Unlocking the Baby Gut Microbiome
Last year, scientists linked a deadly intestinal condition for which premature babies are commonly at-risk, to an imbalanced gut microbiome. Now, newer research is helping clarify the root cause of necrotizing enterocolitis – and identify a preventative treatment.
Researchers from the University of Geneva and the Swiss Federal Institute of Technology in Lausanne recently identified a gut “architect” gene, which acts as a blueprint for baby gut development in mice. (The human and mouse genomes are quite similar, and these findings can help pinpoint where to look for confirmation in human DNA.)
“All of the pups carrying [a mutated gut architect gene] were severely stunted during the suckling period and displayed an abnormal development of the small intestine,” explained Jozsef Zakany, the study’s first author and researcher at the University of Geneva’s Department of Genetics and Evolution.
In humans, critical gut development continues after birth through a unique interplay between breast milk and the baby’s gut microbiome. In I Contain Multitudes: The Microbes Within Us and a Grander View of Life, author Ed Young explains that human breast milk is primarily composed of lactose and fats, but the third-most plentiful ingredient is a vast variety of simple sugar combinations called human milk oligosaccharides (HMOs), an ideal source of energy – but not for infants, who can’t actually digest HMOs.
“H.M.O.s pass through the stomach and the small intestine unharmed, landing in the large intestine, where most of our bacteria live,” Young writes. “What if they aren’t food for babies at all? What if they are food for microbes?”
Read more: Are probiotics good for kids?
Research suggests these oligosaccharides are intended to nourish one specific microbe: B. infantis, of a larger class of bacteria (called Bifs) that flourish in the microbiome of breastfed infants, but not those of formula-fed babies. In return, B. infantis, as it digests the HMOs, releases short-chain fatty acids that feed the newborn’s gut cells; B. infantis also prompts the cells to close the natural gaps between them, thus reinforcing the intestinal walls and cutting off bad microbes’ access to the blood stream, among other, anti-inflammatory functions.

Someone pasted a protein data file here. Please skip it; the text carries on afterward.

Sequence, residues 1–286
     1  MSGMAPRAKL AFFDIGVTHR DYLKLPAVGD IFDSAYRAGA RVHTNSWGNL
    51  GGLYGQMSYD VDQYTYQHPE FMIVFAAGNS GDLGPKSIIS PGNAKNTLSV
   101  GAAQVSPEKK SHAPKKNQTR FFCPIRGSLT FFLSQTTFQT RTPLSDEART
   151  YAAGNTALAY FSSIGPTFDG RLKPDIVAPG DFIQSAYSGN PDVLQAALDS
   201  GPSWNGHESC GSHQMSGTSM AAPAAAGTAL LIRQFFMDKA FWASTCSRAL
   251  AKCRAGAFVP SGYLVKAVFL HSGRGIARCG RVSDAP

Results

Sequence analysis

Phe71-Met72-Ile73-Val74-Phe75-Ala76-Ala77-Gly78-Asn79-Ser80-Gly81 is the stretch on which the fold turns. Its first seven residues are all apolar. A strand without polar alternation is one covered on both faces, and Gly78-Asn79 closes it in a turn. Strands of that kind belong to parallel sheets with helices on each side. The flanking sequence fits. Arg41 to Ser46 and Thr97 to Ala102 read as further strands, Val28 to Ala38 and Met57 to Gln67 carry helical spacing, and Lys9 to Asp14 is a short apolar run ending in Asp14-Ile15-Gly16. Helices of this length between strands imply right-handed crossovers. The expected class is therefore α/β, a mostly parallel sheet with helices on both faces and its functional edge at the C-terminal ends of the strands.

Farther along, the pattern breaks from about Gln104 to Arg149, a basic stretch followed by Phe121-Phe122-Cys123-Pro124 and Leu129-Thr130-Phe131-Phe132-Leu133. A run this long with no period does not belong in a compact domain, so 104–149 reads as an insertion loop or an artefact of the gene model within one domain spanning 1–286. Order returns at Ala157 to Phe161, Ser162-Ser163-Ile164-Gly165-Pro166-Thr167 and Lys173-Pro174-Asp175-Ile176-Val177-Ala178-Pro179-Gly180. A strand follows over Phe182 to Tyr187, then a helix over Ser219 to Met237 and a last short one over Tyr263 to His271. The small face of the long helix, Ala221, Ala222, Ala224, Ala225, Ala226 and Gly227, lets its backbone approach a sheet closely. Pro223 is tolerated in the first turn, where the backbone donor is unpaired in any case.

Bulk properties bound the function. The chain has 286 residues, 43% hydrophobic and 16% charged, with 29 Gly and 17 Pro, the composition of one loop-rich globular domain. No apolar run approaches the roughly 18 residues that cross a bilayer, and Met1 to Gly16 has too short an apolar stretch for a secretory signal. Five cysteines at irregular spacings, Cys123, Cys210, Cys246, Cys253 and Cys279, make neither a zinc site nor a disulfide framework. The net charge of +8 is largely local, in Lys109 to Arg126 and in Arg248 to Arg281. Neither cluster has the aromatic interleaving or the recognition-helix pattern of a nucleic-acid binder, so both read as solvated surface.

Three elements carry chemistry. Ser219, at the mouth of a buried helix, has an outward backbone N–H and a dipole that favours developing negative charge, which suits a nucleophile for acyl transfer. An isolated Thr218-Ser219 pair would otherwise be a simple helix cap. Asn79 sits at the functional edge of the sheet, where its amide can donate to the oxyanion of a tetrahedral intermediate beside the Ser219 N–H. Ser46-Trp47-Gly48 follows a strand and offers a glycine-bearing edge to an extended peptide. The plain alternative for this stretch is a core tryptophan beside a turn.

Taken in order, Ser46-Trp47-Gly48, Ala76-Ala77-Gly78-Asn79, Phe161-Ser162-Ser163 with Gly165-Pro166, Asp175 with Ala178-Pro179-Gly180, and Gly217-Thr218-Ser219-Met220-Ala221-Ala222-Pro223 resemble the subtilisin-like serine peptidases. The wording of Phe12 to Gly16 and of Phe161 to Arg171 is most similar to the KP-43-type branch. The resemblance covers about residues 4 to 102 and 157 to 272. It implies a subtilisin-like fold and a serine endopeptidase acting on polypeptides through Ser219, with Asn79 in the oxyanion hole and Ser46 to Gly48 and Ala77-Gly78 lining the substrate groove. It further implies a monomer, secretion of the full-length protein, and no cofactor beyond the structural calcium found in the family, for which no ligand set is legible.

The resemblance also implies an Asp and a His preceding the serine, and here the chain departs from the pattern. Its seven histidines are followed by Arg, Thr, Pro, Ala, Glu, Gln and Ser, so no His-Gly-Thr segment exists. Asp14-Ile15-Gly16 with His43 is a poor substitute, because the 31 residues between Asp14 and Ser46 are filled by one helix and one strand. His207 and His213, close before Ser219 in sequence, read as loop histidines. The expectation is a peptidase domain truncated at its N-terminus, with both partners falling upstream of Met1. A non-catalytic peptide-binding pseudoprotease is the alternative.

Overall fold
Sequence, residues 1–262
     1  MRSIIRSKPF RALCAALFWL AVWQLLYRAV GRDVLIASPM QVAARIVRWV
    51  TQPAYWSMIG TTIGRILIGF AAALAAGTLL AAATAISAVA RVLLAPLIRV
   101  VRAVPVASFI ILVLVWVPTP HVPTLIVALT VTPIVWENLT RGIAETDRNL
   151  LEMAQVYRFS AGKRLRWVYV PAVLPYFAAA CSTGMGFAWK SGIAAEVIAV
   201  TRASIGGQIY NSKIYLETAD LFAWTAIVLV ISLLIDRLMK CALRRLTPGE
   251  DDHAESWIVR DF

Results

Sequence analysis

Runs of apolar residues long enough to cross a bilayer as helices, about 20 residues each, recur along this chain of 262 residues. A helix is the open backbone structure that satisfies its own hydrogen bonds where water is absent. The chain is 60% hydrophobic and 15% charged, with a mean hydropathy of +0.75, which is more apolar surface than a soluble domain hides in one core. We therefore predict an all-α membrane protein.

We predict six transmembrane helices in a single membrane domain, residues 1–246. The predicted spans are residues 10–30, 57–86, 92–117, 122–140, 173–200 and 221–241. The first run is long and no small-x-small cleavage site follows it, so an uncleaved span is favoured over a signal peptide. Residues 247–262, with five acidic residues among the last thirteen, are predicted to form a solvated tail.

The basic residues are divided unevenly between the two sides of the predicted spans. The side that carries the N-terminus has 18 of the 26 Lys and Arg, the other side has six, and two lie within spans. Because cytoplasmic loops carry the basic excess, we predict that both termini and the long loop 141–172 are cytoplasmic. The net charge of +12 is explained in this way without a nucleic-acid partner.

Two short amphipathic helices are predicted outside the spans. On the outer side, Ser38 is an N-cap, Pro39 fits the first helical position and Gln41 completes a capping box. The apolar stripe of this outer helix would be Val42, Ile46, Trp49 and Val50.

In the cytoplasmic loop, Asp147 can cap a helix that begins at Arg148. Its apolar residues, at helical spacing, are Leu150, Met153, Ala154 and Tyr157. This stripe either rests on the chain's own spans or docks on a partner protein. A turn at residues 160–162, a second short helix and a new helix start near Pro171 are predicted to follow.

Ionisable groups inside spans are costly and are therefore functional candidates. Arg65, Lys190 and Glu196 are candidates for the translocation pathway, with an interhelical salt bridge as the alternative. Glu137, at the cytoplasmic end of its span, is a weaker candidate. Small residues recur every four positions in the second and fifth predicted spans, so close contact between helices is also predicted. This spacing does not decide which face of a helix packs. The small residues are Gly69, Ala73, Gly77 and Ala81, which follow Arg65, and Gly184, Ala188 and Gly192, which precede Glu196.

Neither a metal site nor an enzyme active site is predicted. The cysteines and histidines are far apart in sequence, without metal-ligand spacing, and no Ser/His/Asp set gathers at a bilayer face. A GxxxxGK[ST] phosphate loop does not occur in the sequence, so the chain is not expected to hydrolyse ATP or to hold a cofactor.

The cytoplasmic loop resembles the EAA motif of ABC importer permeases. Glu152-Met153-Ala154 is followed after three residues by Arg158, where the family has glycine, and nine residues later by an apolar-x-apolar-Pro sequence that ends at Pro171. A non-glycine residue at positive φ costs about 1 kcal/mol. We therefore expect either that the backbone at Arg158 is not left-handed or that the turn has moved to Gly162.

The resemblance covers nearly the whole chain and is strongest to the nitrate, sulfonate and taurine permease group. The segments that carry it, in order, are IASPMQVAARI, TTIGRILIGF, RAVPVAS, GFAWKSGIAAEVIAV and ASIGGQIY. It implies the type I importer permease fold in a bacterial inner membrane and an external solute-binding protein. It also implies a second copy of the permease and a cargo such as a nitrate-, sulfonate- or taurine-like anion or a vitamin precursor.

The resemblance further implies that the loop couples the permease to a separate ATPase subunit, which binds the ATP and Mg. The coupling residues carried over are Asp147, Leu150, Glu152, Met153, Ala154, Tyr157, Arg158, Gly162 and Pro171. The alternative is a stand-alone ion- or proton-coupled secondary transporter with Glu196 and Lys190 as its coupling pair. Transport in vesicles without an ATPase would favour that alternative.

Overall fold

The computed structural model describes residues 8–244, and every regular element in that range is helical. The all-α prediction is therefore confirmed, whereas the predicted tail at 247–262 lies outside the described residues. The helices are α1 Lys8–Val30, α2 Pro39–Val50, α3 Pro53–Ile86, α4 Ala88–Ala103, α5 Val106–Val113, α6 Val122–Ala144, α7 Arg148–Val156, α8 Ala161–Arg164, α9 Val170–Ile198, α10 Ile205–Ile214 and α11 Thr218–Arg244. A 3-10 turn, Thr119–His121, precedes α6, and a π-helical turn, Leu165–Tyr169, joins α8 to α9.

When this doesn’t happen, when breast milk isn’t assimilated throughout the gut, as in the case of a mutated architect gene, these gaps may not seal, leaving preemies’ intestinal wall, in extreme cases, susceptible to invasion by bad bacteria that can destroy it – that is, necrotizing enterocolitis. (When B. infantis gets lactose, instead of HMOs — as in the case of formula feeding — the critical bacteria survive, but its interaction with intestinal cells, and the baby gut development that fosters, is muted.)
Some are working on a treatment to help preemies close their intestinal gaps and compensate for the possible genetic gap behind them. Mark Underwood, a pediatrician and head of the NICU at UC Davis Children’s Hospital, is working on a way to infuse his premature patients with a combination of B. infantis and breast milk. Per Young:
“The food you feed these bugs is as important as the bugs themselves in getting them to grow and colonize a fairly hostile environment,” he told me. If the treatment works, breast milk could do for preemies what it does for their full-term brethren, nourishing baby and bacteria, infant and infantis, and preparing them for life ahead.
It is unknown whether mutations on the gut architect gene are behind the types of microbiome dysbiosis linked to less dire conditions that develop over time, such as allergies, asthma or diabetes. The next step in all of this will likely be to catalog the various possible mutations of the gene. But also to ask — what causes the mutation to begin with? This might be the missing link to the maternal health conditions associated with C-section delivery (and, notably, premature birth) that have led to C-section delivery being mistakenly blamed for infant gut dysbiosis. One thing is clear: Gut development starts – and can go awry – well before birth.
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